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i'm trying to debug a program, that i don't have the source code for: explorer.exe

It's a native Win32 application from Microsoft, and symbols are avilable.

All i need now is a (graphical) debugger that supports symbols.

  • OllyDbg is a graphical debugger, but doesn't support symbols.
  • Delphi is a graphical debugger, but doesn't support symbols.
  • WinDbg is not a graphical debugger, which supports symbols.
  • Visual C# Express Edition is not Win32 a debugger.
  • Process Explorer supports symbols, but isn't a debugger
  • Process Monitor supports symbols, but isn't a debugger

Have any new graphical debuggers that support Microsoft's symbols server, been written in the last 6 months that i don't know about?


A graphical debugger is one where you can see the disassembly, and can Step Into and Stop Over instructions, e.g.:

Delphi

alt text

OllyDebug:

alt text

IDA Pro

alt text

WinDbg does not show you a series of instructions:

alt text

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Could you clarify what you mean by "graphical debugger"? For instance, although windbg appears to be very command-driven, it also has alternate "visual" interfaces for most of its functionality. –  reuben Jan 4 '09 at 22:33
    
Uh, yeah... Not really sure how OllyDbg rates as "graphical" but WinDbg doesn't. –  Shog9 Jan 4 '09 at 23:46
    
WinDbg actually does show you lists of instructions--you just need to find the right views and windows in its menus. It can even do source-level debugging just like Visual Studio; just make sure that your PDBs are full and that you point WinDbg to where your source code lives. –  reuben Jan 5 '09 at 3:00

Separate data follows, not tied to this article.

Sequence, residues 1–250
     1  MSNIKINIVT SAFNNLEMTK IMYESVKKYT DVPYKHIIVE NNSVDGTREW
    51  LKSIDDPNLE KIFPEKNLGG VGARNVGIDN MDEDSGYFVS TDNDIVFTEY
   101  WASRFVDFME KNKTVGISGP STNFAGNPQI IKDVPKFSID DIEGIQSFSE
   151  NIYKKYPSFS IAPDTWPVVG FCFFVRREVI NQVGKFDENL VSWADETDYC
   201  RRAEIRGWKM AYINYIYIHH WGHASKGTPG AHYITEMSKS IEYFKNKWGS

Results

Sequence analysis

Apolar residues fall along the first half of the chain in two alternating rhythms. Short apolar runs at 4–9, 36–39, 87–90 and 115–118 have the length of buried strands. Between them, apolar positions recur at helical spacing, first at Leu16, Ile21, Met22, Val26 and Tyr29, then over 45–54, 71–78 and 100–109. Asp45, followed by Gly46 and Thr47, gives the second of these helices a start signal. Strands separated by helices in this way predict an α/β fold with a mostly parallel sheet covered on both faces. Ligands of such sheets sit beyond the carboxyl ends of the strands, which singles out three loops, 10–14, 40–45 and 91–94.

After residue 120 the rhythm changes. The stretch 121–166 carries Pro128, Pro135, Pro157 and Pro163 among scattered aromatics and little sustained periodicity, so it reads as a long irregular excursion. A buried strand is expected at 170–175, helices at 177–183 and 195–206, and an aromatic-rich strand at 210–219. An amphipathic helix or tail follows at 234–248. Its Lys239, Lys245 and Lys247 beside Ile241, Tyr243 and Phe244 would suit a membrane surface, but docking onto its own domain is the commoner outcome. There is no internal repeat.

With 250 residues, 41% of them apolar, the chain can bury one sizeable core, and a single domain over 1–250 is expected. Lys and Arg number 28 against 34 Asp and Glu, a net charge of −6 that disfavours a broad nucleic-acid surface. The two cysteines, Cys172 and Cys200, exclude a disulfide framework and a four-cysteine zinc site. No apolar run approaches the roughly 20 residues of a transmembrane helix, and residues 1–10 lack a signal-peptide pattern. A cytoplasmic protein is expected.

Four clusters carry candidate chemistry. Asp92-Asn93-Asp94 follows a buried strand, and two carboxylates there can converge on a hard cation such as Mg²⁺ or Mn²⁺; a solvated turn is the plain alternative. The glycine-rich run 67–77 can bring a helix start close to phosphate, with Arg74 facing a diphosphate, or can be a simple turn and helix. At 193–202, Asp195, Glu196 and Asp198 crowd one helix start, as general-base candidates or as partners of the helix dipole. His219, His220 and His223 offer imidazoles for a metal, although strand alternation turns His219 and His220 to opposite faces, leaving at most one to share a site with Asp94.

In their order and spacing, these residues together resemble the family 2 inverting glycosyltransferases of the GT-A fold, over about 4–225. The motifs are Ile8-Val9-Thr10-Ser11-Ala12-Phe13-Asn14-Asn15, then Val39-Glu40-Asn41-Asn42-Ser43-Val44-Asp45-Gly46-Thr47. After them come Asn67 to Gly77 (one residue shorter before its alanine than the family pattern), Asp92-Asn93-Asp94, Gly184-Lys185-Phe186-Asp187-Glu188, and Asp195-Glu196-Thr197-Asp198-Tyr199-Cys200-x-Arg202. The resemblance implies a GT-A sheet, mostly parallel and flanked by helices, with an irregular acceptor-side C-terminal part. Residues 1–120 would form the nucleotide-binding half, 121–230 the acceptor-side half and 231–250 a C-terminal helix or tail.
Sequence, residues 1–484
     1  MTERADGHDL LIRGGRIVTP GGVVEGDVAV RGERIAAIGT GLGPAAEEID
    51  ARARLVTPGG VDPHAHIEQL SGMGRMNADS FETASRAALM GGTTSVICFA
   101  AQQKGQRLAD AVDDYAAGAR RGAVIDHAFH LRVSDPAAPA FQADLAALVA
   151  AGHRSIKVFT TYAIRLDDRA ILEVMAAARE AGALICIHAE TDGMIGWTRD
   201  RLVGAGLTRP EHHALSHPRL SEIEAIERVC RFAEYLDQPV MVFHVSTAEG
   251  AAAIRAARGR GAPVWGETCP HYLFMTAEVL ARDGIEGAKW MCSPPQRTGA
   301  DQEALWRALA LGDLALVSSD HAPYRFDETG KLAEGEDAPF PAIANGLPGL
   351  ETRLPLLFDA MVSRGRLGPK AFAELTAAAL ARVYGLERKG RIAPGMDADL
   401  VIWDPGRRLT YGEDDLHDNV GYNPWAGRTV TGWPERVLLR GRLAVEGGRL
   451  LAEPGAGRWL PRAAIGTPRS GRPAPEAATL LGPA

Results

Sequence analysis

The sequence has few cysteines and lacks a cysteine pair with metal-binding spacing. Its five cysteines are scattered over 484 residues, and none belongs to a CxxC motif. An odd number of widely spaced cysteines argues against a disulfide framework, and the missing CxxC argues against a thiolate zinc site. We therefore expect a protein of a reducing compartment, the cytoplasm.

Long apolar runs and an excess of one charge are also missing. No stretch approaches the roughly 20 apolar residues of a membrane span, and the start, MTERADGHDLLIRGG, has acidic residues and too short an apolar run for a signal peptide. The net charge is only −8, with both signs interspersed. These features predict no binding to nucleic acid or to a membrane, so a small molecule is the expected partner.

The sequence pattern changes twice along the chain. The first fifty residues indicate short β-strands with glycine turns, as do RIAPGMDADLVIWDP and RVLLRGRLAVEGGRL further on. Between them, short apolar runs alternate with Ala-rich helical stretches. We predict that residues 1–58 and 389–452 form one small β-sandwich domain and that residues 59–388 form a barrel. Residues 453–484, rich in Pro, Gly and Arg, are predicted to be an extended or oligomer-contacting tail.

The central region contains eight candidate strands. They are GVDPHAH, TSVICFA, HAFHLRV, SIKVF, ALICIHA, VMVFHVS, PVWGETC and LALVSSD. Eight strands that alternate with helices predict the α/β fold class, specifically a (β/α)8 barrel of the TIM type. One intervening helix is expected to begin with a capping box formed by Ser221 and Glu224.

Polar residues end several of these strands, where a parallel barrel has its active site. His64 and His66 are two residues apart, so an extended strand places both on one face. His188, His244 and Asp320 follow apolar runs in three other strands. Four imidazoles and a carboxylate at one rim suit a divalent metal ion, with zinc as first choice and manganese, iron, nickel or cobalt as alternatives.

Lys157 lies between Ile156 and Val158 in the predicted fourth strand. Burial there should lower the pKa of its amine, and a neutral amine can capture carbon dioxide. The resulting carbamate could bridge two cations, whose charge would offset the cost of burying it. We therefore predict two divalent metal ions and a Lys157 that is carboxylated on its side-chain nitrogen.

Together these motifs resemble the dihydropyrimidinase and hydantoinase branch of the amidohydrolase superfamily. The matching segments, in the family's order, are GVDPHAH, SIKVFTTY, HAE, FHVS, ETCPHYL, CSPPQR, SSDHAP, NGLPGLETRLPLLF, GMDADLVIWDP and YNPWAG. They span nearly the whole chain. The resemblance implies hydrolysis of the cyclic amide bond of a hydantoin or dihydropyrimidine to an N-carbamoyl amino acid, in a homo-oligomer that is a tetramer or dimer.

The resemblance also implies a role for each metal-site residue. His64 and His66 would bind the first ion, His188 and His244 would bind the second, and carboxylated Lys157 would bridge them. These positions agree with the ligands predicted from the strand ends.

5 Answers 5

up vote 8 down vote accepted

Well, compared to cdb, WinDbg is a graphical debugger, albeit not the most friendly one in the world!

Visual Studio Pro is certainly a graphical debugger and supports symbol server, so you could try Visual Studio C++ Express.

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1  
WinDBG is teh l33t! Perhaps he meant a debugger with buttons to click rather than have to type commands. –  gbjbaanb Jan 5 '09 at 0:54
    
Sort of. i like to see the assembly instructions; where i can step into and step over them. –  Ian Boyd Jan 5 '09 at 2:31

If by "Graphical Debugger", you mean it will show you the assembly code, then WinDBG is what you are actually looking for. You just need to know where to find the things you are looking for:

  • alt-6 Call Stack
  • alt-7 Disassembly

If you open the Window menu, you can select Automatically Open Disassembly. That will cause the Disassembly for a particular stack frame to be opened when you click it in the Call Stack window.

Admittedly, WinDBG doesn't have all those pretty colors the others have, but it is exteremely functional.

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Windbg can certainly meet your goal to see the assembly instructions.

Open the disassembly window with View->Disassembly.

Note: Windbg has 2 modes "source mode on" and "source mode off", so by default you can work only with the functions you have source for. Look for the toolbar icons:

alt text

Or set with the windbg commands l+t or l-t.

Your example shows you are using a symbol server, but for benefit of others, one starting point is with the MS and Firefox public symbol servers:

srv*c:\Symbols*http://msdl.microsoft.com/download/symbols;srv*c:\Symbols*http://symbols.mozilla.org/firefox
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The Visual Studio C++ Express addition supports both managed (.Net) and native (Win32) debugging. It has support for symbol server.

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i cannot figure out how to make it debug a Win32 application, or get it to use symbols. –  Ian Boyd Nov 23 '09 at 18:34
    
See the associated question: stackoverflow.com/questions/360912/… which details efforts to try to debug using Visual Studio –  Ian Boyd Nov 23 '09 at 18:36

Check out IDA Pro: http://www.hex-rays.com/idapro/

It is both a disassembler and debugger and supports symbols.

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